In some students, however, it is easy to recognize. Carlos Perdomo, 9, arrived from El Salvador two years ago. With the help of his father, who borrowed books on English from a local library, Perdomo said he learned to speak the language in a month.
"I felt strange when I first came to this country," said Perdomo, who lives near downtown. "But my father made me write 1,000 word sentences to learn English," stringing words together in long phrases that filled notebook pages for practice, he said. "I like science, social studies, English, reading and math. But, most of all, I like lunch."
The enthusiasm for class work among Takahashi's and Glassford's students, who wave their arms frantically and nearly beg to give answers, is matched by their enthusiasm for lunch and recess.
'Not Miniature Adults'
"The students have regular children's problems," said Glassford. "When they don't do their homework, they have the same kinds of excuses. They get into fights and arguments. After lunch, they come to me with complaints about who did what to whom on the playground. They are not miniature adults."
The purpose of the programs is to provide intellectual challenges for gifted students while allowing them to remain with others their age, rather than having them skip grades and wind up with older, more mature, students, Yoshii said. At the elementary school, the highly gifted students and the regular students share the playground during lunch and participate together in extracurricular activities.
The reactions of parents to their young prodigies range from those who expect high achievement to others who are simply in awe of their children, Yoshii said. All the parents, however, support the program's requirement of a minimum of 2 1/2 hours of homework each night, she said.
Once the students graduate from sixth grade, most transfer to the junior-high program two blocks away at Eagle Rock High School. The magnet center for gifted junior-high-school students was moved there two years ago from Thomas Starr King Junior High School in Hollywood so that students could take advanced high school courses. Eagle Rock High School is the only secondary school in the district that has regular junior- and senior-high-school students on one campus.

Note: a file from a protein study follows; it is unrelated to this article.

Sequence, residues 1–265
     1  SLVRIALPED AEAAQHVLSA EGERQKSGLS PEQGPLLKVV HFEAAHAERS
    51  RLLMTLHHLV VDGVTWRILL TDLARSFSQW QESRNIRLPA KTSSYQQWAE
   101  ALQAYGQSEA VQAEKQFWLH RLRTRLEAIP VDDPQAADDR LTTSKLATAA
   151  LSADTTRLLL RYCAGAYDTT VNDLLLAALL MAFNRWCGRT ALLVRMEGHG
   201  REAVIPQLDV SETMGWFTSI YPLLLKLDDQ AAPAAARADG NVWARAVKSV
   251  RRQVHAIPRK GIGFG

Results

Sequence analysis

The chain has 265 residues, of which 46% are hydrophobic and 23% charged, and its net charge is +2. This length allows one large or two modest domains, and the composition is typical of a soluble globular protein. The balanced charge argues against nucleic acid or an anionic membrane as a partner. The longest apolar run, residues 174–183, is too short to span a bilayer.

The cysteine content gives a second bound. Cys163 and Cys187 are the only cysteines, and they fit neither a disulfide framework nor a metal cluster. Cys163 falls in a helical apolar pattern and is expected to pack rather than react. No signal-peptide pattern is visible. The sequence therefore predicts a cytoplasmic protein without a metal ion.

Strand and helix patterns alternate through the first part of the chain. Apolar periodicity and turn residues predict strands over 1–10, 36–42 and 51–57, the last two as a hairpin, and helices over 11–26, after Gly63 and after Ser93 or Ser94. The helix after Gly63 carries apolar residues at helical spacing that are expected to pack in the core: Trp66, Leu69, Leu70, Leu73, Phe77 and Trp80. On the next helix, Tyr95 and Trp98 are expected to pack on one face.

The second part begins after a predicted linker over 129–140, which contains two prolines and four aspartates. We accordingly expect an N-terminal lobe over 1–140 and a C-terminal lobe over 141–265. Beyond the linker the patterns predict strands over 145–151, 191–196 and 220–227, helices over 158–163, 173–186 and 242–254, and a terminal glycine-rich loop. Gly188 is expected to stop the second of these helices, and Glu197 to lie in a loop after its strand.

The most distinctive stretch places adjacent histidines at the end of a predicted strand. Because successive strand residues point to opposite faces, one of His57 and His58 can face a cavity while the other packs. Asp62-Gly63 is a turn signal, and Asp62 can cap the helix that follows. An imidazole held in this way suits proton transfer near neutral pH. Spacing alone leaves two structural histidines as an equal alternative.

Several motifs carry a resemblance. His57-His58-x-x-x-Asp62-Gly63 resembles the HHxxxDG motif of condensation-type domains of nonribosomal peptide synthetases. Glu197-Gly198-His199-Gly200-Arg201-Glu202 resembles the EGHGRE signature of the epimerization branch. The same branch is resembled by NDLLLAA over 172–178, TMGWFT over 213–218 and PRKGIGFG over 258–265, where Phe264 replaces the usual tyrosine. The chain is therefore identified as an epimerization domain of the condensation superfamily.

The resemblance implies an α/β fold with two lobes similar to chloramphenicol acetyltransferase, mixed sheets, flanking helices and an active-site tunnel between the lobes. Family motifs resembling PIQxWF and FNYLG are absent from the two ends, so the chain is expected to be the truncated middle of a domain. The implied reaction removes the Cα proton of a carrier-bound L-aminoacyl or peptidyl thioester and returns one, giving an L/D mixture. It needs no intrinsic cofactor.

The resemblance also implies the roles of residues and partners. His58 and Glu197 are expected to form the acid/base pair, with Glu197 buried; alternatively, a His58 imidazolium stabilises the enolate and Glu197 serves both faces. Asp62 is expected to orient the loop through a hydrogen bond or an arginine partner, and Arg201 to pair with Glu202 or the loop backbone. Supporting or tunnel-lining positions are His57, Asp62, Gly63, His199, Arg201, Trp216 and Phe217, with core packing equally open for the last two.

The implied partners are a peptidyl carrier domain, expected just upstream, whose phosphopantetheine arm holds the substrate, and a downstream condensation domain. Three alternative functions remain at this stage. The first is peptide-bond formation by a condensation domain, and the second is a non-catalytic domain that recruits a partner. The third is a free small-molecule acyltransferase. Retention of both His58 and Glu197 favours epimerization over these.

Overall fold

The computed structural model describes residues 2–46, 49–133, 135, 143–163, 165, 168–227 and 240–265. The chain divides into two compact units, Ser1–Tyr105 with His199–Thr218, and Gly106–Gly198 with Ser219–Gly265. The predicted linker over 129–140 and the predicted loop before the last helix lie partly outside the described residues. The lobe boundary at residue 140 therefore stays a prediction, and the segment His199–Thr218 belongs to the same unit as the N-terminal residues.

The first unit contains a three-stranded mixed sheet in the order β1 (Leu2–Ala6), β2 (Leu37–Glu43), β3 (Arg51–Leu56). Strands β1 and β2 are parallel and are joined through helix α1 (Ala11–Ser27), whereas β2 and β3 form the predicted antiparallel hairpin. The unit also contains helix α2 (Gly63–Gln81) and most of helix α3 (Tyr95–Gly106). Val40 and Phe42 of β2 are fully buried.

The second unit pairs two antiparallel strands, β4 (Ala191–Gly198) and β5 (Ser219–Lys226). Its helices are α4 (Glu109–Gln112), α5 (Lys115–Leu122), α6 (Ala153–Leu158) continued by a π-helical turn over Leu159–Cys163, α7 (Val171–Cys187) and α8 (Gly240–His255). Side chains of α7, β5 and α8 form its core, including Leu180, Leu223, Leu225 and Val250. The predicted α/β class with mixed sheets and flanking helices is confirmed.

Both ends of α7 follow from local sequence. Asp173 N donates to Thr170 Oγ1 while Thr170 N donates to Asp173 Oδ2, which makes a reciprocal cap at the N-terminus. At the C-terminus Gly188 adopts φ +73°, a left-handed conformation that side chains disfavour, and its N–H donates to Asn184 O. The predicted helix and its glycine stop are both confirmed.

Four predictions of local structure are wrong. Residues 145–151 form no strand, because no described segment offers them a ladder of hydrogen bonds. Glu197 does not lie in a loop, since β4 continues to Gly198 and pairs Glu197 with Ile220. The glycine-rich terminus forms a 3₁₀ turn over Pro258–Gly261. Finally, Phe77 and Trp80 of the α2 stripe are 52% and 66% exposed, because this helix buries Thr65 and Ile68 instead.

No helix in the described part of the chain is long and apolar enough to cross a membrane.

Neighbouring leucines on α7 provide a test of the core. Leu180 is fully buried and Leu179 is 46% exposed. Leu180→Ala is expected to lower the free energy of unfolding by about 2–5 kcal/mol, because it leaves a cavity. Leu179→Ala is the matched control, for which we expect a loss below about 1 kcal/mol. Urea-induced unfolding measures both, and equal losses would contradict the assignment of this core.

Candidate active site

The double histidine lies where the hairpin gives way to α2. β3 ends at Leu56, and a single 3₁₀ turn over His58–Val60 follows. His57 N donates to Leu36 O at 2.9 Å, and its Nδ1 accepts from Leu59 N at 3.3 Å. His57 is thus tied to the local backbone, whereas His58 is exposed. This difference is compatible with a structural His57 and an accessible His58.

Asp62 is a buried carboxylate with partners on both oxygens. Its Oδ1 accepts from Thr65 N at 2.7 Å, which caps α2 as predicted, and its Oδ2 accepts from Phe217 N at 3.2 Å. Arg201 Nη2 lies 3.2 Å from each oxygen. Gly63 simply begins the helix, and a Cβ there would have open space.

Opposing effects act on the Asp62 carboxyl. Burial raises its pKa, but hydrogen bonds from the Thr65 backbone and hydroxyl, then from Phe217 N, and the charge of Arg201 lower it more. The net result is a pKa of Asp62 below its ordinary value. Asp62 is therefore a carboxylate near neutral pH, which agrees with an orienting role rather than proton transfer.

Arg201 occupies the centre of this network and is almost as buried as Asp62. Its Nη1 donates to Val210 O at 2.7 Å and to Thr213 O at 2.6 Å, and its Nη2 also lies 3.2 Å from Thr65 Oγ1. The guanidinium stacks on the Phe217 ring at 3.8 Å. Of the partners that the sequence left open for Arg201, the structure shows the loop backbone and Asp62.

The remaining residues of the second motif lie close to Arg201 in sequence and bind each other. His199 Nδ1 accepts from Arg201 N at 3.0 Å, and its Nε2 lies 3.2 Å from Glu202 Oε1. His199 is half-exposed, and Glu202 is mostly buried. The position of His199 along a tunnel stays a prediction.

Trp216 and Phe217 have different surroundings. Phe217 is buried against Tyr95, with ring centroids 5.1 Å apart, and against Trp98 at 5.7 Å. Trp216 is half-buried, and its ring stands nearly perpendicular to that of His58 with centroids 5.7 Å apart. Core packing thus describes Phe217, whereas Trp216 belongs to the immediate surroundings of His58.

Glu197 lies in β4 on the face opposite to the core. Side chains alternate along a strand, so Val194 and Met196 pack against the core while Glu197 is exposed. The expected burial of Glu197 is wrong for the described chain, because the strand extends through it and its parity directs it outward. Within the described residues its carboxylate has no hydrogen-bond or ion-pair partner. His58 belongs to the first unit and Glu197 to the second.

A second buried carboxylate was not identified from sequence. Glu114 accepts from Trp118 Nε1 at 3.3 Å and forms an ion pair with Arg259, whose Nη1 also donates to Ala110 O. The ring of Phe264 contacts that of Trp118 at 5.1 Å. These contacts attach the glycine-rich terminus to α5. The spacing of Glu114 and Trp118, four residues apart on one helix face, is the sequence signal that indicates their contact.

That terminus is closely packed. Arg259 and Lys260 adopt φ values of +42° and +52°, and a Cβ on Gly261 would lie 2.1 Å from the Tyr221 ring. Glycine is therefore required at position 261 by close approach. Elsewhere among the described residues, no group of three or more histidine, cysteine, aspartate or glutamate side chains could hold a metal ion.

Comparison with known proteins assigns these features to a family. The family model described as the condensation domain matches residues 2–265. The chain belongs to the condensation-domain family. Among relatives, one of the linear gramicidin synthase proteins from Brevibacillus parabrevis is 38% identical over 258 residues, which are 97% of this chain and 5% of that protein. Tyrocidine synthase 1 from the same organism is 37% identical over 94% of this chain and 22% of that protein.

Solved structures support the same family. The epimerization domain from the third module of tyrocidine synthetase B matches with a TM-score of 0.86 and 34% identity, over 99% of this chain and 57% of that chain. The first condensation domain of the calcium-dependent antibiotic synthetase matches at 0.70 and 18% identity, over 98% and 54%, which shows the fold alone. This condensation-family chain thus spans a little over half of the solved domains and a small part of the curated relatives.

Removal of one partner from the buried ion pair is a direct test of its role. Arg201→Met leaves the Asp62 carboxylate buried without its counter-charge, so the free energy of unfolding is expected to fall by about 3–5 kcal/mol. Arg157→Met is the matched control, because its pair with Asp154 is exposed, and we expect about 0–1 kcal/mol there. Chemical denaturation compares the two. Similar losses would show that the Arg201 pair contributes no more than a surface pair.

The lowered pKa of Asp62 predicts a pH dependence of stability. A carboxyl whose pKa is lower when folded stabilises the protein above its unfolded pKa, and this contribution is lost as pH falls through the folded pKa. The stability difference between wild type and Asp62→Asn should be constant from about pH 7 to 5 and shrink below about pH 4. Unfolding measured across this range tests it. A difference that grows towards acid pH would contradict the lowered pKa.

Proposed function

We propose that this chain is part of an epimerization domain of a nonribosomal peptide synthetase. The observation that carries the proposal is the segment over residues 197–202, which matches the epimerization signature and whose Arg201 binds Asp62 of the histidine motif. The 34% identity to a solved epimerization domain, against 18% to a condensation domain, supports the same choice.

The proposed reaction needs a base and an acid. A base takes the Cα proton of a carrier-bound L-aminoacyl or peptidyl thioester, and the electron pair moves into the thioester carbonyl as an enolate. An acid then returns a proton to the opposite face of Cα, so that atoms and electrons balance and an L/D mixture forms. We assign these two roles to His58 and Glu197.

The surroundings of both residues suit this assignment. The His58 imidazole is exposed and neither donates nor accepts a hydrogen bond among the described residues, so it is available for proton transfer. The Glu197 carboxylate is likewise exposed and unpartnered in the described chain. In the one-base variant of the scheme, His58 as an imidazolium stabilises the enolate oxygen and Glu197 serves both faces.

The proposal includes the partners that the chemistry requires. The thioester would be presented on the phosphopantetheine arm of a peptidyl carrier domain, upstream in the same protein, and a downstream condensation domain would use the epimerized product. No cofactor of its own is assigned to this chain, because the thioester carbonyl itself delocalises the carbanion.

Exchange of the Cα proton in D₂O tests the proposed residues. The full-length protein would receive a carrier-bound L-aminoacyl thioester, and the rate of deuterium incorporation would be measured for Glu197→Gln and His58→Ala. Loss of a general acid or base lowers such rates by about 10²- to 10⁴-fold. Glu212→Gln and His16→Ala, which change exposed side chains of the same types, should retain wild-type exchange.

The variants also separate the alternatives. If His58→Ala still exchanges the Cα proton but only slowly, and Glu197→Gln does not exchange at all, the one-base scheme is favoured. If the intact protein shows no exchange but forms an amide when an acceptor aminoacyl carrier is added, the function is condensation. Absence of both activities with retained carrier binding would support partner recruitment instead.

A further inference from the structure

About a fourth of the gifted students will be prepared to study calculus by the time they finish the ninth grade, said math teacher Oak Norton, who teaches beginning and advanced algebra, geometry and trigonometry in the junior high.
Some students will have received college credits for history before the 10th grade by taking advanced placement tests, said social studies teacher Kailim Toy. He said he begins his courses in history and government each year by telling his students: "I want you to ask me questions that I cannot answer."
'Stimulating and Exhausting'
English teacher Sara McKinney said teaching the highly gifted is both "stimulating and exhausting."
Especially challenging to McKinney are students such as eighth-grader Lap Wai Wong, who arrived from mainland China only three years ago. The young Chinatown-area resident is one of the program's brightest math students but he spoke no English when he arrived.
During a recent class, he delivered an improvised 2 1/2-minute speech on why it is wrong to insult people that, following the rules of the assignment, included rhetorical devices and literary allusions.
Toy said Wong is a good example of a student who is academically qualified to begin college as a math major, but would have trouble adjusting to college social life. "He's taking trigonometry and math analysis, but emotionally he is a very young boy," Toy said. "He is not emotionally ready for college, but our program can give him his college math."
Mix With Other Students
Although for most of their academic day the highly gifted junior-high students have separate classes, they take physical education and elective classes with the other students, and some participate in team sports.
The consensus among the teachers is that the students mix well with the rest of the campus. The Eagle Rock High School's ninth-grade class president and class secretary are both members of the highly gifted program.
Gabe Soria of South-Central Los Angeles, a gregarious, 12-year-old seventh-grader in the program for the gifted, said he has just joined the high school ski club. He wants to be an aerospace engineer.
"In another school I wouldn't be able to learn about the Roman Empire or economics like I can from Mr. Toy," Soria said. "There's a lot of opportunities here."
The district does not keep records of what happens to the gifted students once they graduate from junior high school. But Yoshii said that, based on information she has, most apply to magnet high schools in the district that offer specialized instruction in the arts, sciences or math, and at least 80% attend college.
"We try to keep in contact with some of them informally," Yoshii said. "I know of one student who went to UCLA and two others who began Cal State Los Angeles instead of going to high school."
Some in the program have done nothing special with their lives and simply became highly gifted underachievers, Yoshii said.
She said, "We try to express to our students that they have a gift, but it is what you do with that gift that makes the difference."